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Chapter 1

Chapter 1:

Networking with Microsoft
Windows 2000 Server

Chapter 1

Learning Objectives


Plan what network model to apply to
your network


Compare the differences between
Windows 2000 Professional, Server,
Advanced Server, and Datacenter


Explain Windows 2000 capabilities as a
server operating system


Chapter 1

Learning Objectives (continued)


Explain the new features in Windows
2000


Describe the file systems that are
compatible with Windows 2000 and
choose the file system that is right for
your server

Chapter 1

Basic Network Concepts


Network Operating System (NOS)


Software that enables computer users to
share computer equipment, software, and
data, voice, and video transmissions


Network


A communications system that enables
computer users to share computer
equipment, software, and data, voice, and
video transmissions

Chapter 1

Basic Network Concepts

Network in the United
States
Network in Australia
Figure 1
-
1

Networking across continents

Chapter 1

Basic Network Concepts


Client


A computer that accesses resources on
another computer via a network or by a
direct connection

Chapter 1

Basic Network Concepts


Workstation


A computer that has its own CPU and may
be used as a standalone computer for word
processing, spreadsheet creation, or other
software applications. It also may be used
to access another computer such as a
mainframe computer or file server, as long
as the necessary network hardware and
software are installed.


Chapter 1

Peer
-
to
-
Peer Network Model


Peer
-
to
-
peer network


A network where any computer can
communicate with other networked
computers on an equal or peer
-
like basis
without going through an intermediary,
such as a server or host.


Often used in very small organizations,
such as a two to ten person office.

Chapter 1

A Simple Peer
-
to
-
peer Network

Hub
Figure 1
-
2 A simple peer
-
to
-
peer network without a server

Chapter 1

Advantages of Peer
-
to
-
Peer
Networking


A group of computers can share files,
folders, and printers


Peer
-
to
-
peer networking is easy to set
up


Supports using workgroups


A Microsoft workgroup is a number of
users who share drive and printer
resources in an independent peer
-
to
-
peer
relationship.


Chapter 1

Disadvantages of Peer
-
to
-
Peer
Networking


Offers only moderate network security


No centralized storage or account
management


Not effective for complex network
management


Not optimized for simultaneous access
by over 9 or 10 computers



Chapter 1

Server
-
Based Network Model


Server
-
based network


A model in which access to the network, to
resources, and the management of
resources is accomplished through one or
more servers.


Used particularly in medium and large
organizations.

Chapter 1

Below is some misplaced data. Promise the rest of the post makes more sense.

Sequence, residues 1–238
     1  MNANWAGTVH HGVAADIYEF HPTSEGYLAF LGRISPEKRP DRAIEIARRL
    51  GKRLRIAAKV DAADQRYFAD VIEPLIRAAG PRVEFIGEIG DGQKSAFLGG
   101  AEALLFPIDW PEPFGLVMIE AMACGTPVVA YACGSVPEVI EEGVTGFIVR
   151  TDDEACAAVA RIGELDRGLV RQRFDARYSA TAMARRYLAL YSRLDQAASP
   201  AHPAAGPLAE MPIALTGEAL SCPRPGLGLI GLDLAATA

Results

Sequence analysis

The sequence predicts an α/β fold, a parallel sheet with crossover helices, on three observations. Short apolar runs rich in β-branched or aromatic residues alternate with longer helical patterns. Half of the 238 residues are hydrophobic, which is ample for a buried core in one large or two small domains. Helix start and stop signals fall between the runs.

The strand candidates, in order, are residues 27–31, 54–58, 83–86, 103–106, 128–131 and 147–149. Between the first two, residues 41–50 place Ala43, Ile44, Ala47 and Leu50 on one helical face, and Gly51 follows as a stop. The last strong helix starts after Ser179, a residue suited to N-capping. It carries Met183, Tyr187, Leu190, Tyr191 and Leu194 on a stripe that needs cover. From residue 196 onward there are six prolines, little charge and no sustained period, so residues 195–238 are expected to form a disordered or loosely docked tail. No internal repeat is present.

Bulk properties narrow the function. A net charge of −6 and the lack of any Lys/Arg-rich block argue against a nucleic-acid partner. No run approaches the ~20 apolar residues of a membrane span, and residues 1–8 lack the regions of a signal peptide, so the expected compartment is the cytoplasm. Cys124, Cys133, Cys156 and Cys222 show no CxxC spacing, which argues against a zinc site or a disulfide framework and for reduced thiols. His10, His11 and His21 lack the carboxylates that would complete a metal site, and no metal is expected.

A Server
-
Based Network

Windows 3.11
Windows 95
Windows 2000 Professional
Windows 98
Windows NT Workstation 4.0
Connecting hub
Windows 2000 Server
Macintosh
UNIX
Figure 1
-
3 A server
-
based network

Chapter 1

Advantages of the

Server
-
Based Model


Provides extensive multiuser access to
resources


Ideal for coordinated server and network
management


Provides robust security to network
resources


Contributes to fast network performance


Chapter 1

Disadvantages of the

Server
-
Based Model


Generally requires more advanced
planning than peer
-
to
-
peer networking


Can be more complex to set up than
peer
-
to
-
peer networking


Chapter 1

Using Windows 2000 Server in a
Server
-
Based Model


Enables extensive file, folder, and
printer sharing


Access to resources can be centralized,
decentralized, or a combination of both


Provides robust management of
software applications


Provides a strong platform for e
-
mail,
Web services, and e
-
commerce

Chapter 1

Using Windows 2000 Server in a
Server
-
Based Model (continued)


Enables coordinated backups of
network data resources


Sharing of computer resources can be
arranged to reflect the work patterns of
groups within an organization


Server administration can save time and
money when installing software and
software upgrades

Chapter 1

Total Cost of Ownership


Total Cost of Ownership: The cost of
installing and maintaining computers
and equipment on a network, which
includes hardware, software,
maintenance, and support costs.

Chapter 1


Windows 2000 Professional


Designed for workstation use


Used with Windows 2000 Server to
reduce the TCO


Supports up to two processors


Handles up to 4 GB of RAM

Chapter 1

Windows 2000 Server


A full featured server operating system


Supports up to four processors


Handles up to 4 GB of RAM


Offers a wide range of services and
user connectivity options

Chapter 1

Example Windows 2000 Server
Services


Handles virtually unlimited user
connections (depending on the
hardware)


Active Directory management


Network management


Web
-
based management services


Network
-
wide security management


Chapter 1

Example Windows 2000 Server
Services (continued)


Network storage management


Remote network access


Terminal services


Distributed file services


High
-
speed network connectivity


Application services management


Network printer management


Chapter 1

Windows 2000 Server Versions
Target Applications


Windows 2000 Server